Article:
Straight Line: Our Review of ‘Wrath of Man’

Posted in Movies, Theatrical by - May 07, 2021
Straight Line: Our Review of ‘Wrath of Man’

Sometimes…you’ve just got to get biblical with it…

While Wrath of Man isn’t without some flaws, it is a full on dead serious action flick that doesn’t flinch at making sure we get more than a little uncomfortable with the swath of violence that is being unleashed on screen.

A mysterious and wild-eyed new cash truck security guard (Jason Statham) surprises his coworkers during a heist in which he unexpectedly unleashes precision skills. The crew is left wondering who he is and where he came from. Soon, the marksman’s ultimate motive becomes clear as he takes dramatic and irrevocable steps to settle a score.

A certainly untraditional effort from Guy Ritchie; Wrath of Man is straight up hard core and serious as all hell as it follows Jason Statham’s character down a rabbit hole of unrepentant vengeance.

Skipping the traditional sense of humor that typically embeds Guy Ritchie’s films, Wrath of Man unrepentantly goes for the jugular from minute one in making something that feels more like Heat then Snatch.

It doesn’t always work as the screenplay from Guy Ritchie, Marn Davies and Ivan Atkinson can’t resist the urge to slide in the slightest bit of silliness along with some pacing hiccups from time to time but with action sequences that are so well staged it’s easy to let some of the more awkward moments slide.  None of it is perfect but it has genuine purpose as it builds us to a climactic showdown with its simmering modern noir pulp, I’m also certain that had this been made in the 50’s it might have had Alan Ladd and Fred McMurray on the hunt for revenge instead of Statham.

While it’ll never be accused of being the most original film in the Guy Ritchie canon, it might also be the purest action movie he’s ever made as it spares no expense and keeps us engaged on the spectacle of violence from minute one mostly thanks to Statham.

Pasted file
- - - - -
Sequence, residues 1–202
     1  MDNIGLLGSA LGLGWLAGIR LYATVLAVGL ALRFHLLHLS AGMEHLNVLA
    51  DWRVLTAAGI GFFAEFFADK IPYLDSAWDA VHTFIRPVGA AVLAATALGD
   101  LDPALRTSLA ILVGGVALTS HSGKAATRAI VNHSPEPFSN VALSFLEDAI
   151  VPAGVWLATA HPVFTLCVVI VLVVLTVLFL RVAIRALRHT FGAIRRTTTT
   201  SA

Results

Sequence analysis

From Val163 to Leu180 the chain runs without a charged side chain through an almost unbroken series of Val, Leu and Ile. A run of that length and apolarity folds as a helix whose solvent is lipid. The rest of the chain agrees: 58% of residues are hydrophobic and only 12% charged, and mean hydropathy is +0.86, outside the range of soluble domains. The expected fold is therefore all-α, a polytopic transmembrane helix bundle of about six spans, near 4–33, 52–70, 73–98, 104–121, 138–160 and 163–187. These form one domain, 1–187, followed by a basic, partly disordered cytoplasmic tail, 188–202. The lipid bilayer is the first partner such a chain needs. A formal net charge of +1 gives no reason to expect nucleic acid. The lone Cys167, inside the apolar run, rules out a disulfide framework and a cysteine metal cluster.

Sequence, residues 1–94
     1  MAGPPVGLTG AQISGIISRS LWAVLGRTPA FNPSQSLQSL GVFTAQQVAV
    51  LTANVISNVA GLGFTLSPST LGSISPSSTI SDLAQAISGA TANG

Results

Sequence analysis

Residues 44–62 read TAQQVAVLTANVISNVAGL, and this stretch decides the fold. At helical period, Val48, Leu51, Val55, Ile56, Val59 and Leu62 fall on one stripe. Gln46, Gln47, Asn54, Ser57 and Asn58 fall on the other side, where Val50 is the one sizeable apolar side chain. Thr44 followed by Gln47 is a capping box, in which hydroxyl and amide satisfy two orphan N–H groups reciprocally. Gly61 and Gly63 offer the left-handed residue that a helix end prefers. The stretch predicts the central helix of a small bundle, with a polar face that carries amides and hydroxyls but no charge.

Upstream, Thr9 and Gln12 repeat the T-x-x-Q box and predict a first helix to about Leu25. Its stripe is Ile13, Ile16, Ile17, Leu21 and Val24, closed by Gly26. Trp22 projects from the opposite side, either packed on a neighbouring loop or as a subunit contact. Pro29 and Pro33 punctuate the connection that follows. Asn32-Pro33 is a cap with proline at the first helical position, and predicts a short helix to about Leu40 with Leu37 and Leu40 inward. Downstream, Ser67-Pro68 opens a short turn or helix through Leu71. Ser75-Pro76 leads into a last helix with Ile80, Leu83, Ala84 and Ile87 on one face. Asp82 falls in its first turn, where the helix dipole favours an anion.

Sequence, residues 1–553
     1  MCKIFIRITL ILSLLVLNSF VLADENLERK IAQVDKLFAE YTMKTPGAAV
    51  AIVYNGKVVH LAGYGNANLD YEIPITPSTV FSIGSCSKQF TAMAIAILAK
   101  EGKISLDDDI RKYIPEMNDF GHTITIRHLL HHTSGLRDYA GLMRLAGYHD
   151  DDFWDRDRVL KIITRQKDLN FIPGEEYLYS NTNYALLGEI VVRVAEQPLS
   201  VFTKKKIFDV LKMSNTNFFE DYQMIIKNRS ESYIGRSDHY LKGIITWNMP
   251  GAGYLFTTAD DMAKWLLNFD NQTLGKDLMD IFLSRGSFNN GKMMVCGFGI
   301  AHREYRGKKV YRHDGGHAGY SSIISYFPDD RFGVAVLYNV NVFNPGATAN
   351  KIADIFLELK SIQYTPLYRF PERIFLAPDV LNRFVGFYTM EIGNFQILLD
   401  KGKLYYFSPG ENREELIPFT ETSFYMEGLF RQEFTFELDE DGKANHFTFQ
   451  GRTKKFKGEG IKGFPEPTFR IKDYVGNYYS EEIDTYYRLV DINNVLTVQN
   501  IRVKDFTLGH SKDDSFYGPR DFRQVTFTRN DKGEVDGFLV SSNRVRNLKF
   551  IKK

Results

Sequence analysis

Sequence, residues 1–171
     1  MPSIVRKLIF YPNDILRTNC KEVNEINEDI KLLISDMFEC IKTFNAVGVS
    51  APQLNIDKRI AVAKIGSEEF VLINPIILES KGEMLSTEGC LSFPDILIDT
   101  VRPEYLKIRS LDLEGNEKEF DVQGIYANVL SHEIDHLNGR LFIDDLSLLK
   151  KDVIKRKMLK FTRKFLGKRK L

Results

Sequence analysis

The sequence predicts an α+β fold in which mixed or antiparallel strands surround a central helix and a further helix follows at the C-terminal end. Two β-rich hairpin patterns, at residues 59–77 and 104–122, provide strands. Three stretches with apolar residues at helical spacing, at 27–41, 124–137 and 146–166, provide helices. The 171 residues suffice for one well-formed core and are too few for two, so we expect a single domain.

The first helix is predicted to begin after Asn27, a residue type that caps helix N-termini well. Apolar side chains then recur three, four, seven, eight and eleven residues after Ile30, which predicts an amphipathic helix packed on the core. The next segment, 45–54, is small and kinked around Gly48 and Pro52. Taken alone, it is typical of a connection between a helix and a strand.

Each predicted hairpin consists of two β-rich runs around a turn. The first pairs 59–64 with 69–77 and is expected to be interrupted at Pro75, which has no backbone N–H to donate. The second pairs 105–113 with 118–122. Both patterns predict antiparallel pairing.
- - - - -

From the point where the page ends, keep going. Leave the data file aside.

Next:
As good as it all looks and as well staged as it all is, Wrath of Man works because Statham goes the other direction here and doesn’t give us his a-typical wise cracking action hero.  Instead we get a portrait of a good man, in a bad world pushed to an even darker place.  His character is singular of focus…period and even when the narrative jumps around to fill in a few blanks in the story we never deviate from the straight line that is this man’s vengeance.  Statham is actually doing his best image of Charles Bronson and Clint Eastwood in this film, and it words pretty damn well.

Sadly Statham is the only character here who really gets a chance to breathe and show multiple dimensions from top to bottom.  With the likes of Holt McCallany, Josh Hartnett, Jeffrey Donovan, Andy Garcia and Laz Alonzo all around in hopes of giving us some more character depth, we barely get there as only McCallany and Donovan get some moments to shine around Statham on his singular minded quest for revenge.  Scott Eastwood does get a couple of more moments to shine establish a bit of a darker edge to his character, but we don’t get enough of it and when we do it’s kind of clunky.  Without our favorite British action hero, this film would have devolved into a caricature of itself.

If you are somewhere where theatres are open for business…then Wrath of Man is a hell of a violent ride that you can’t help but understand and even relate to as Ritchie and Statham bring us along this straight line that only ends in one place…revenge.

This post was written by
David Voigt is a Toronto based writer with a problem and a passion for the moving image and all things cinema. Having moved from production to the critical side of the aisle for well over 10 years now at outlets like, Criticize This, Dork Shelf (Now That Shelf), to.Night Newspaper he’s been all across his city, the country and the continent in search of all the news and reviews that are fit to print from the world of cinema.
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